Like the swear jar in the Bloom household, the quirkiness quotient in “Wish I Was Here” is full.
Six-year-old Tucker tries to take a cordless drill to the yeshiva school he and his older sister, Grace (Joey King), attend. Their dad, out-of-work actor Aidan (Zach Braff), is caught masturbating to erotic material on his laptop by his widowed father, Gabe (Mandy Patinkin).
Aidan’s wife, Sarah (Kate Hudson), has a boring office job and an insufferable cubicle mate given to saying inappropriate things. Gabe’s reclusive other son, Noah (Josh Gad), lives in a trailer near the Pacific Ocean and is working on a costume for Comic-Con.
'Wish I Was Here' movie trailer
Aidan Bloom is a 35-year-old man who finds himself at major crossroads, which forces him to examine his life, his career, and his family.
The Blooms’ barely ordered lives are thrown into further chaos when Gabe announces that his cancer has returned, he is trying a last-ditch experimental treatment and will no longer be able to pay for the children’s schooling. “What’ll we do?” he says to Aidan. “We move forward. That’s the only direction God gave us.”
With no money for private school, no tuition help from the rabbi and no desire to enroll the children in public schools, Aidan decides to home school the children, an alternative that does not go according to plan or lesson plan, if there were one. At the same time, Gabe lands in the hospital, and Aidan re-evaluates his faith, career path and the brothers’ boyhood dreams of being superhero spacemen.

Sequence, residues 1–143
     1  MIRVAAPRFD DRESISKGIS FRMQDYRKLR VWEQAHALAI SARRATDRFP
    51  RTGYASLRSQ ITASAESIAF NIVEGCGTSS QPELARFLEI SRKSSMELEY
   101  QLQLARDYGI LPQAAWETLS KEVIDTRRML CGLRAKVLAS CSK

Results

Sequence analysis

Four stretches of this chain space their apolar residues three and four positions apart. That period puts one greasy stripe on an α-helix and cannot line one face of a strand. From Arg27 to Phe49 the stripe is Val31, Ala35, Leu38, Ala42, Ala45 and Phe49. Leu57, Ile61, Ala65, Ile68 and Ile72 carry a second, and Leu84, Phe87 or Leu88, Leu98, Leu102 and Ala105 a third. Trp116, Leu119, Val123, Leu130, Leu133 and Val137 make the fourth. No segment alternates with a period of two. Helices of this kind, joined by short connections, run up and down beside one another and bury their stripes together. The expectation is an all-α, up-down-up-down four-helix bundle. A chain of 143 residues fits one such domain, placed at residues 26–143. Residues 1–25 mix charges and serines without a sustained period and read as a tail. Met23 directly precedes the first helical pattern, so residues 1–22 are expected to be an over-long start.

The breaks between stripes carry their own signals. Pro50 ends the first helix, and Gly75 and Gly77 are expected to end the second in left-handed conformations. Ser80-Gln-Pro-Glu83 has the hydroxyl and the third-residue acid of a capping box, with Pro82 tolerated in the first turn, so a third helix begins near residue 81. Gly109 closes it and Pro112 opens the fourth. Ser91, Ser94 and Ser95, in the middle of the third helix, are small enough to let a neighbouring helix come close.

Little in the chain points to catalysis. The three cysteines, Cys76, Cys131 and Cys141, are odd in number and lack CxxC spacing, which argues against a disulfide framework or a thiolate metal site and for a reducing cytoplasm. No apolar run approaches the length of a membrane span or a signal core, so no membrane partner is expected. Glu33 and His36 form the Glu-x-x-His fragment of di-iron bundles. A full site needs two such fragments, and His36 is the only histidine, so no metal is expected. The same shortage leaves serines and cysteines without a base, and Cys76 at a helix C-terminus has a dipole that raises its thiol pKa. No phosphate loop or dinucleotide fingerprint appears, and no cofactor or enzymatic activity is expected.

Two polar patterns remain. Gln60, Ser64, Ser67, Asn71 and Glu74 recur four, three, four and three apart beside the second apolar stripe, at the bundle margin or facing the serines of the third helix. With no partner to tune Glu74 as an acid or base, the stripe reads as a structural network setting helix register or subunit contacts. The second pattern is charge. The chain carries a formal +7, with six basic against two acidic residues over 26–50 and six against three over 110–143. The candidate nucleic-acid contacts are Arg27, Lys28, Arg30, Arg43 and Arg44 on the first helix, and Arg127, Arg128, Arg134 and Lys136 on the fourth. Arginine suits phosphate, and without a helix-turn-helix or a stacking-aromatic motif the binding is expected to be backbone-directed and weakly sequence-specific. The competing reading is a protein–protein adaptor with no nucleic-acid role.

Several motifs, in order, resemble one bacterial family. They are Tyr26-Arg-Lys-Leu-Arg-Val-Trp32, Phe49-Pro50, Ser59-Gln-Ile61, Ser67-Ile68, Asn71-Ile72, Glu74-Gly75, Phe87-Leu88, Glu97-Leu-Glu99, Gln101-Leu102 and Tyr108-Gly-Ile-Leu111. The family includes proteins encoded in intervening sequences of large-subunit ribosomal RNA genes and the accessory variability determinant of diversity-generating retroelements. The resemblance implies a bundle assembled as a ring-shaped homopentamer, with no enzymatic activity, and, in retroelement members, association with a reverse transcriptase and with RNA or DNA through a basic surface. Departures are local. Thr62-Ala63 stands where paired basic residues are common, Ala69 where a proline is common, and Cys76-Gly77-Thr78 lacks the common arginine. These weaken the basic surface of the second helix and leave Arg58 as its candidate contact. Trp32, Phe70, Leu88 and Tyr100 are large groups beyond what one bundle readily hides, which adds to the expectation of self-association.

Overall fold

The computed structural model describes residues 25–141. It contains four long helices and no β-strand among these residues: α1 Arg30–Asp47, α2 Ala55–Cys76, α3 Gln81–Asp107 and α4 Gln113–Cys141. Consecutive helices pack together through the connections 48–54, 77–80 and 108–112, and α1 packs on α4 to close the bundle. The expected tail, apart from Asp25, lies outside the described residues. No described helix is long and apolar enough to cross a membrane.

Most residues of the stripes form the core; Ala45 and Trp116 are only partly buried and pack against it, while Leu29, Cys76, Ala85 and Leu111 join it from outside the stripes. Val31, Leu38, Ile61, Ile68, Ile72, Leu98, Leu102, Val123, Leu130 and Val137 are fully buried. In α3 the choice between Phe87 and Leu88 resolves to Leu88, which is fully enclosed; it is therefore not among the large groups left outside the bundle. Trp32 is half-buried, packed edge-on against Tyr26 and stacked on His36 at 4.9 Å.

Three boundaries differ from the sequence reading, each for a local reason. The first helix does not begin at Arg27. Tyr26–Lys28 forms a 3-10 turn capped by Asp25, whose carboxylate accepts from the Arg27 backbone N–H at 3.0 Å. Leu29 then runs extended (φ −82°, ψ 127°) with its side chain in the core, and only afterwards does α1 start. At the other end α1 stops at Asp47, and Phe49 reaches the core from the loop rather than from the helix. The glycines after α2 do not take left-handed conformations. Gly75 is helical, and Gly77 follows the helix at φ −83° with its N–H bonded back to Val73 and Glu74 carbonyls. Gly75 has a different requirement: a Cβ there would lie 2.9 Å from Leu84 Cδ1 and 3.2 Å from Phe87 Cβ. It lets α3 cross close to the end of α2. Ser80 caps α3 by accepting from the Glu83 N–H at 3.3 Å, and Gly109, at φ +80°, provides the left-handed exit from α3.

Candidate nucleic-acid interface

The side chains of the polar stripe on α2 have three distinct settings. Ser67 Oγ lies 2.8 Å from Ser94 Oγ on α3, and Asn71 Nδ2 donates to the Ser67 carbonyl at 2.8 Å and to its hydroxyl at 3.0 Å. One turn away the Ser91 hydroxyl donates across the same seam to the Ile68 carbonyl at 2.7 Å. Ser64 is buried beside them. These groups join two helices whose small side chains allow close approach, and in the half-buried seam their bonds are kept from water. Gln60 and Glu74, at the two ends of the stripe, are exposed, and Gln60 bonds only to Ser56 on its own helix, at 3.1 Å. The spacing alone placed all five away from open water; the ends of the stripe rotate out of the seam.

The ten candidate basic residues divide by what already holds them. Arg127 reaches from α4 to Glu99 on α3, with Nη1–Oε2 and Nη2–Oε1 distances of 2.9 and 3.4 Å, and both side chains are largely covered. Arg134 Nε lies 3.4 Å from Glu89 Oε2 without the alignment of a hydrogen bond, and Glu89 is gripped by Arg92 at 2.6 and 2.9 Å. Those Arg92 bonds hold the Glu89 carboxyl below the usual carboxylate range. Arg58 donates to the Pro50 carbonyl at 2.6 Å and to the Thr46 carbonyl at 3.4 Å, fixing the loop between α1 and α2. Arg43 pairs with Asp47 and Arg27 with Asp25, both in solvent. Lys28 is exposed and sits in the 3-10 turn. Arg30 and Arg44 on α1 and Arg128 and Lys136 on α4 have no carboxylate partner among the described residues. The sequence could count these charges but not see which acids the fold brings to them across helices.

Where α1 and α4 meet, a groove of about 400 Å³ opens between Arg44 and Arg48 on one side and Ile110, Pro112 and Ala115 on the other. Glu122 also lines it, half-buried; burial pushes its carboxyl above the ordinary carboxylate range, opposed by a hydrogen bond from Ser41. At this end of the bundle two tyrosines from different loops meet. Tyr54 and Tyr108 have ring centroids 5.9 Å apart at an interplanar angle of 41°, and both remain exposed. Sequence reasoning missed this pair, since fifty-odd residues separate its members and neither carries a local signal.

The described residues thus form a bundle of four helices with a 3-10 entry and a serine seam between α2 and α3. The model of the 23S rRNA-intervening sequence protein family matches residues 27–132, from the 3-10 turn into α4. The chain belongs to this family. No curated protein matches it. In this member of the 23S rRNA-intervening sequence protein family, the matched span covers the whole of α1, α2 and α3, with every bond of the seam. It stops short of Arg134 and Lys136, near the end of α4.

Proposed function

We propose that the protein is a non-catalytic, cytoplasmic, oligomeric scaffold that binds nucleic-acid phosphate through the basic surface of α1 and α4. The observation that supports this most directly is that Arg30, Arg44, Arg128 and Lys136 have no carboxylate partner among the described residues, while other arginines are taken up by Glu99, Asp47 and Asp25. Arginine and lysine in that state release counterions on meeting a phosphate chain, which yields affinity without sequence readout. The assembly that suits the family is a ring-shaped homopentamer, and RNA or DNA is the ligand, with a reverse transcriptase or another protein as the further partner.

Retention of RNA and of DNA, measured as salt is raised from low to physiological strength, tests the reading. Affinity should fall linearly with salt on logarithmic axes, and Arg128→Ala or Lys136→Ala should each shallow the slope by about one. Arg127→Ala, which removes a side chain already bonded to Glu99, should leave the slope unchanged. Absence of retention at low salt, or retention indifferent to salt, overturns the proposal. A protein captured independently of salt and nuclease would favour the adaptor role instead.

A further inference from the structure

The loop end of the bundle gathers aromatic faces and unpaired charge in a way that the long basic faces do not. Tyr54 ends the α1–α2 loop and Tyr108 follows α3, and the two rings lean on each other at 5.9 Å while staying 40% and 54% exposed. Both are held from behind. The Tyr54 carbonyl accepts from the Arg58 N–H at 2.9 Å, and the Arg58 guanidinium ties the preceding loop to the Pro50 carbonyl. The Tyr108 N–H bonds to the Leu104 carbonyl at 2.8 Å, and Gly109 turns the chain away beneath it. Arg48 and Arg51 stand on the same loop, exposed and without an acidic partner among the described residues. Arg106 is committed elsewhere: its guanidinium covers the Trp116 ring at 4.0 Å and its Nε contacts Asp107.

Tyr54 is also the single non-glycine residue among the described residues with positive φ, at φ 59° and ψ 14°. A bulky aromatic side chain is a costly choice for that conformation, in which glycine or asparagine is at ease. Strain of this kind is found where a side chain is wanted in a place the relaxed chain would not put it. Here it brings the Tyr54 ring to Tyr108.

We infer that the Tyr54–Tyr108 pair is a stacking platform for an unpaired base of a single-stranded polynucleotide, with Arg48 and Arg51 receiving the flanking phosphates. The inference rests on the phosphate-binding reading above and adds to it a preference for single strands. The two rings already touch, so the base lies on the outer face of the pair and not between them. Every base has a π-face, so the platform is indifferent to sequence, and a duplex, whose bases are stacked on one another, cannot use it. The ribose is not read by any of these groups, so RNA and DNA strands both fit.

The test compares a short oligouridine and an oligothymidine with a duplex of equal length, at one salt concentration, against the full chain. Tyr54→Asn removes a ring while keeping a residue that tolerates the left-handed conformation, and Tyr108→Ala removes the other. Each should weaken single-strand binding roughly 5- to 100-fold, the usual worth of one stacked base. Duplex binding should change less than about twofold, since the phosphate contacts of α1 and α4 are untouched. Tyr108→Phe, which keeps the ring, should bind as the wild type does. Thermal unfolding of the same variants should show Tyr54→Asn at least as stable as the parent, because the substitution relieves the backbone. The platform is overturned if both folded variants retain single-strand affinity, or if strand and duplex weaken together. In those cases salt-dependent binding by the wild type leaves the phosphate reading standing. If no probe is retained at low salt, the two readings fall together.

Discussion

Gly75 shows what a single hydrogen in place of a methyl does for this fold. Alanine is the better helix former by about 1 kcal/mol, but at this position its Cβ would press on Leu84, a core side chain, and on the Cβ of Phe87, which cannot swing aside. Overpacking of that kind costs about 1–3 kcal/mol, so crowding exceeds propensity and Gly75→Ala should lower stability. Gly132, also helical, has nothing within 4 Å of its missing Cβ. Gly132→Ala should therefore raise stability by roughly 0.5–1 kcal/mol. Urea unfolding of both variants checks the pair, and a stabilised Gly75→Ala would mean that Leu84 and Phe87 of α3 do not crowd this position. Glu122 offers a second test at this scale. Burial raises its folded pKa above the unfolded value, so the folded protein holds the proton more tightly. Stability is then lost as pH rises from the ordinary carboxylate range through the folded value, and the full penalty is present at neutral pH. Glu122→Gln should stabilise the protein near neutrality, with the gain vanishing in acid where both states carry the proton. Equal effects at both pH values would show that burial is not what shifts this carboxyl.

This is the first movie directed by Mr. Braff since his 2004 indie hit, “Garden State,” about a young man who starts to rediscover himself when he returns to his hometown for his mother’s funeral. Mr. Braff wrote this screenplay with his brother, Adam, and it also deals with the loss of a parent, but it addresses thorny questions about God, supporting a family, educating children inside and outside a classroom, and how small, ordinary acts can be heroic.
Starring: Zach Braff, Kate Hudson, Mandy Patinkin.
Rating: R for language and some sexual content.
“Wish I Was Here,” a fabulous title, was partially funded by a crowd-sourcing campaign, and the credits offer a “very special thanks to the 46,520 backers on Kickstarter. Without them, this film would have never been made.” Just over 400 individuals or pairs are thanked by name at movie’s end.
The dramedy is occasionally heartfelt, especially when ailing Gabe is on screen, and Joey King (Channing Tatum’s daughter in “White House Down”) exudes a sincerity and innocence as a girl who takes her Jewish heritage and education very seriously.
But it zigzags all over the place, from a serious bedside chat to a misbehaving dog, an errant punch, or the second and superior use of the Paul Simon song “Obvious Child” in recent weeks. It’s like navigating a road with sharp curves that sends you left and then right and onto a straightaway and some bumpy stretches and then it ends and ends again.
It has an undisciplined but sometimes lovable quality. It’s messy, like life.
Movie editor Barbara Vancheri: email@example.com or 412-263-1632. Read her blog: www.post-gazette.com/madaboutmovies. First Published July 24, 2014 8:00 PM